Considering the circumstances of this case, I do not find it to fall within the categories stated above. Punitive damages/exemplary damages are accordingly denied.
I find that the Plaintiff is however entitled to be awarded aggravated damages. It was a successful clearing agent as seen from the various contract terminations from clients after the company was suspended. The company duly paid off the short payment notices issued against it despite the fact that it contested them; a meeting to validate the various entries was only consented to by the Defendant after a court guidance order. Many of the alleged entries from which the outstanding were computed were validated by the Defendant’s custom agents as recently as 2012; the Plaintiff having been suspended in 2007. This conduct of the Defendant can only be described as high handed. Bearing all these aggravating factors as well as the inflation that has currently eaten into the value of the Uganda Shilling, I award the Plaintiff aggravated damages of Ugx. 30,000,000/=.
The Plaintiff prayed for general damages. The settled position is that the award of general damages is in the discretion of court, and is always as the law will presume to be the natural and probable consequence of the defendant’s act or omission. James Fredrick Nsubuga v. Attorney General, H.C.C.S No. 13 of 1993; Erukan Kuwe V Isaac Patrick Matovu & Anor H.C.C.S. No. 177 of 2003 per Tuhaise J.
In the assessment of the quantum of damages, courts are mainly guided by a number of factors among which is the economic inconvenience that a party may have been put through and the nature and extent of the breach or injury suffered. Uganda Commercial Bank V Kigozi  1 EA. 305. A plaintiff who suffers damage due to the wrongful act of the defendant must be put in the position he or she would have been if she or he had not suffered the wrong. Charles Acire V Myaana Engola, H.C.C.S No. 143 of 1993; Kibimba Rice Ltd. V Umar Salim, S.C.C.A. No.17 of 1992.
Regarding general damages, PW1 adduced evidence showing lost income; Exhibit 22 and terminated contracts with clients; Exhibit P23.
I find no fault in the evidence of witness regarding these losses and have given consideration to the magnitude of the loss suffered and the applicable principles of law, I am satisfied that Ugx. 100,000,000/= general damages would be sufficient to atone for the loss and injury occasioned to the Plaintiff by the Defendant over the time and restore to the Plaintiff some satisfaction, and I accordingly award the same to the Plaintiff.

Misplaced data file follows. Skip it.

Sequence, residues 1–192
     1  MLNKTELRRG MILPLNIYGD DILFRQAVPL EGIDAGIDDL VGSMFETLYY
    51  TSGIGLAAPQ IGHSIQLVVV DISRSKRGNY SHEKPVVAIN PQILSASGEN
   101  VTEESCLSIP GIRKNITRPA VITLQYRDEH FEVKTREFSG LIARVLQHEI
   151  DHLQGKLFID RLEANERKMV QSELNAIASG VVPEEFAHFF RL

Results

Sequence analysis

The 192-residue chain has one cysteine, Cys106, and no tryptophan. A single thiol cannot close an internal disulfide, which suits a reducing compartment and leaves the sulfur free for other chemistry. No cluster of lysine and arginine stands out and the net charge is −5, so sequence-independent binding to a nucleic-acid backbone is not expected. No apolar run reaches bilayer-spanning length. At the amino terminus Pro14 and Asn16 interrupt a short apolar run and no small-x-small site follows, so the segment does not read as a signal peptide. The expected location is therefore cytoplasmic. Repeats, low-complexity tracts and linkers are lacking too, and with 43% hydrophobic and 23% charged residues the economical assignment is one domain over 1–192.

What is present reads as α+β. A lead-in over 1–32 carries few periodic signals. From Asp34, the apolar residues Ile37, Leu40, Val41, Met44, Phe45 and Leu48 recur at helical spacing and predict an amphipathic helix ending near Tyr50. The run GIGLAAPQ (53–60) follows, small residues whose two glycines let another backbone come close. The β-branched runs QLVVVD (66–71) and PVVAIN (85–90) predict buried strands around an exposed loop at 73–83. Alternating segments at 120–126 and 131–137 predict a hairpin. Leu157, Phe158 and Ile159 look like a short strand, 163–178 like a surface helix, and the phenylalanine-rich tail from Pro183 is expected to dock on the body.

The Plaintiff sought interest of 21% on aggravated and general damages.
The guiding principle, however, is that interest is awarded at the discretion of court. See: Uganda Revenue Authority V Stephen Mabosi SCCA 16/1995 but like in all other discretion court must exercise it judiciously taking into account all
circumstances of the case. See: Liska Ltd. V DeAngelis  E.A 6; National Pharmacy Ltd V KCC  HCB 256; Superior Construction & Engineering Ltd v. Notay Engineering Ltd. HCCS No. 24 of 1992.
Further, Section 26 CPA is to the effect that where interest was not prior agreed as between the parties the court could award interest that is just and reasonable. See also: Mark Extraction Enterprises Ltd. V M/s Nalongo Orphanage, H.C.C.S No. 04 of 1996.
A just and reasonable interest rate, in my view, is one that would keep the awarded amount cushioned against the ever rising inflation and drastic depreciation of the currency. A plaintiff ought to be entitled to such a rate of interest as would not neglect the prevailing economic value of money, but at the same time one which would insulate him or her against the any economic vagaries and the inflation and depreciation of the currency in the event that the money awarded is not promptly paid when it falls due. In that regard I would consider a commercial rate of interest of 21% on the general damages and aggravated damages per annum from the date of judgment till payment in full. It is hereby awarded.
On the issue of costs, it is the established law, under Section 27(2) CPA(supra) that costs are awarded at the discretion of court and follow the event unless for some good reasons the court directs otherwise. See: Jennifer Rwanyindo Aurelia & Anor V School Outfitters (U) Ltd., C.A.CA No.53 of 1999; National Pharmacy Ltd. V Kampala City Council  HCB 25. In the instant case, the Plaintiff has succeeded on most of the issues, and there is no compelling and justifiable reason to deny him costs of the suit. The plaintiff is accordingly awarded costs of this suit.
In conclusion, judgment is entered in favour of the Plaintiff in the following terms:
- The suspension of the Plaintiff’s company be lifted and its licence restored
- The Plaintiff is awarded Aggravated damages of Ugx. 30,000,000/=
- General damages of Ugx. 100,000,000/=
- Interest on (2) and (3) at 21% per annum from date of judgment until payment in full
David K. Wangutusi